On and on Sarge pontificated, driving his point home, and soon the executives’ eyes glazed over as they slumped down in front of the fire. “Hey!” barked Sarge, adding volume to his already boisterous voice, intentionally causing the executives to jerk back into the present. “That’s enough corporate psychobabble for one night. Who wants to hear some good old fashioned ‘deep in the woods’ killer animal stories?”


As the fire was stoked and blazed higher, stories filled the smoky air. Tales of psychotic and bloodthirsty bears, wolves, and coyotes. Of wild boars, rabid raccoons, opossums, and bats. Of killer owls, snakes, and lizards. The more fantastical the stories flowed, the stiller the air and trees seemed to become. Eyes widened, jaws clinched, and some of the executives were perched on the edge of their logs while others shrank into themselves.


Suddenly, the fire popped and they all jumped as a yelp pierced the air. Amused at their skittishness, Sarge heaved up a pail full of water. “Lights out. Rest up. You’ve got many challenges to complete tomorrow. See you bright and early.” He tossed the water on the fire, leaving the executives with only star light to guide them to the tent.


They settled into their sleeping bags, murmuring various comments of the first task, what trials they may have to face in the morning, and impressions of their facilitator, and soon tried to drift to sleep. Just as breaths were turning rhythmic and even, a tiny buzz sounded. A few swatted at the air, others smashed pillows against their ears, but the buzzing persisted. Off and on through the night there was a grumble, a sigh, a slap against skin. Buzz, buzz, buzz was all they heard. As soon as they began to drift to sleep, back the buzzing came. Not one of the executives could locate the source of annoyance. All they could do was pray it would cease long enough for them to get some sleep.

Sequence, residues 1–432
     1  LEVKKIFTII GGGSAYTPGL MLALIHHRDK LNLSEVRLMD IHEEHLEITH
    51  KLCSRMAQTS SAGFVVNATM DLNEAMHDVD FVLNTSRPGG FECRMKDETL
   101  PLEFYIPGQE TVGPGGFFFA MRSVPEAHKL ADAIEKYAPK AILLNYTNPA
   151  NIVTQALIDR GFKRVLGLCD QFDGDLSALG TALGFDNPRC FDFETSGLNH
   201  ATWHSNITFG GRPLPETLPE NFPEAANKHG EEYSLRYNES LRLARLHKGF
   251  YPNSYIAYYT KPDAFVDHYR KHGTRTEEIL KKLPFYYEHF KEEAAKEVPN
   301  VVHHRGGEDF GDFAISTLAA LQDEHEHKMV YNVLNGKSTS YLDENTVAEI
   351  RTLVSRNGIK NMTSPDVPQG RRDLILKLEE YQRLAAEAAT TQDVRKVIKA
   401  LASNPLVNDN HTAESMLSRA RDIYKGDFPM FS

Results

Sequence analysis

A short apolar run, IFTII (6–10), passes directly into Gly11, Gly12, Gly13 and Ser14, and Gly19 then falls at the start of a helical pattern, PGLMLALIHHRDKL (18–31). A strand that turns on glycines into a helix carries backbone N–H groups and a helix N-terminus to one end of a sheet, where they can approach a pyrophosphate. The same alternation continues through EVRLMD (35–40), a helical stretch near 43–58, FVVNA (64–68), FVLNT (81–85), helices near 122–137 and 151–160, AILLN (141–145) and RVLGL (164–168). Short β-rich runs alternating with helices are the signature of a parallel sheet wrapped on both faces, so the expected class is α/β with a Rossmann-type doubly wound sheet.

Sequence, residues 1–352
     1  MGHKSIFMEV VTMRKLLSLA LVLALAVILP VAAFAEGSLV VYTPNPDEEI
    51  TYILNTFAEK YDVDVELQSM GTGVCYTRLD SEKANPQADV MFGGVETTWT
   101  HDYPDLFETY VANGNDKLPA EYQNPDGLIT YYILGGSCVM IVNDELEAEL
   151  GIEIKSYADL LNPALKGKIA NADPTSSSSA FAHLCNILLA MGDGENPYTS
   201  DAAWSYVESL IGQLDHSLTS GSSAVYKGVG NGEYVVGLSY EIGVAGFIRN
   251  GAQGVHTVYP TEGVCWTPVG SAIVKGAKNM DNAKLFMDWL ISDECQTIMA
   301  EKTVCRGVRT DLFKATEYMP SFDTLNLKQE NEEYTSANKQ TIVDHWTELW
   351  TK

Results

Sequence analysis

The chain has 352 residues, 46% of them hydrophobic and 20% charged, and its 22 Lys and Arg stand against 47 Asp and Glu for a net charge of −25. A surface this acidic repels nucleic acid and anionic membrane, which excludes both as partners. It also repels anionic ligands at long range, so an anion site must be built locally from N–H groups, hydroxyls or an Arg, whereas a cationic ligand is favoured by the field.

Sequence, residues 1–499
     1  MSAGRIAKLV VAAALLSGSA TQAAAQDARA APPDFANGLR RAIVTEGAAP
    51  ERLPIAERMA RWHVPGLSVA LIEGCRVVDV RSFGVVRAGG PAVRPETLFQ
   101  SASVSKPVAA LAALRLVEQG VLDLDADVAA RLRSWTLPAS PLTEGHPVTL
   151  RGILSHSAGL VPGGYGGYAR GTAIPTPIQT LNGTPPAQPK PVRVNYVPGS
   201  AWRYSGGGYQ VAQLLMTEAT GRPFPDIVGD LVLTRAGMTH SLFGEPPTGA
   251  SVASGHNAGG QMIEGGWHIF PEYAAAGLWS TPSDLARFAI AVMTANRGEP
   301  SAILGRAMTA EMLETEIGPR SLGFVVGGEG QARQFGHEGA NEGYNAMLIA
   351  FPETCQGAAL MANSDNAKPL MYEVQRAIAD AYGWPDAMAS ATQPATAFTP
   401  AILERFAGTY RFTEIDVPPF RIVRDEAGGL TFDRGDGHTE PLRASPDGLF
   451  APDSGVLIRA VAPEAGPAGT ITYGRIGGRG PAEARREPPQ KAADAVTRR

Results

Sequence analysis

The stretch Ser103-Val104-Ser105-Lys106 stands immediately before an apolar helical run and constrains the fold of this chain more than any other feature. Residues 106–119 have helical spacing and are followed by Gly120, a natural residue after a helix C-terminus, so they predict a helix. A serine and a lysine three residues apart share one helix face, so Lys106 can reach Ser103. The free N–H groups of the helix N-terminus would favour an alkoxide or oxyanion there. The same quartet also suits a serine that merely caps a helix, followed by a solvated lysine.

It didn’t.


A bullhorn sounded loud and clear directly in front of the tent, and all the executives moaned in protest. It couldn’t be morning. No way! They hadn’t slept at all.


“Rise and shine!” Sarge barked exuberantly. As the executives stumbled out of the tent, they were greeted by Sarge’s enthusiastic orders to circle around the ashes of the previous night’s fire. He passed around protein bars and noticed their drawn and weary facial expressions.


“So,” he began, chewing his breakfast slowly, “how was everyone’s sleep last night? I slept great!” The air was soon filled with a myriad of complaints as each of the executives grumbled. Sarge leaned forward. “What? Was someone snoring? Did those beans get the best of one of you? Were you cold? Hot? Were those animal stories before bedtime just too much for you? Did you hear some growling, howling, or slithering? Was it the – ”


“No!” one of the executives finally interrupted. “It was that incessant buzzing that kept us up all night!”


Sarge’s eyes narrowed. “Buzzing? What do you mean buzzing?”


“It was a buzzing noise that would not stop! None of us could find it and it would not stop!”


“So, it was tiny buzzing that kept you all up last night. Is that correct?”


“Absolutely!” two of the executives answered in unison.


“Without a doubt.”


“It was unbearable!”


“Just the worst.”


Sarge nodded slowly. He finished his protein bar, slapped his knee, and stood up casually. “Well, suits, your retreat is over. You’ve already learned the most important truth that this entire weekend was designed for. A truth that will make your company as successful as it

can possibly be. A truth that you should add to your mission statement and, more importantly, impress on each of your employees.”


He searched each one of their confused faces before crossing his arms in front of his chest. A grin stretched wide across his face, and he said...

* * * * * * *

If you ever think you are too small

to make a difference,

try sleeping with a mosquito.

* * * * * * *

*Chew On This: Fifty-Two Inspirational Points to Ponder is available for purchase here!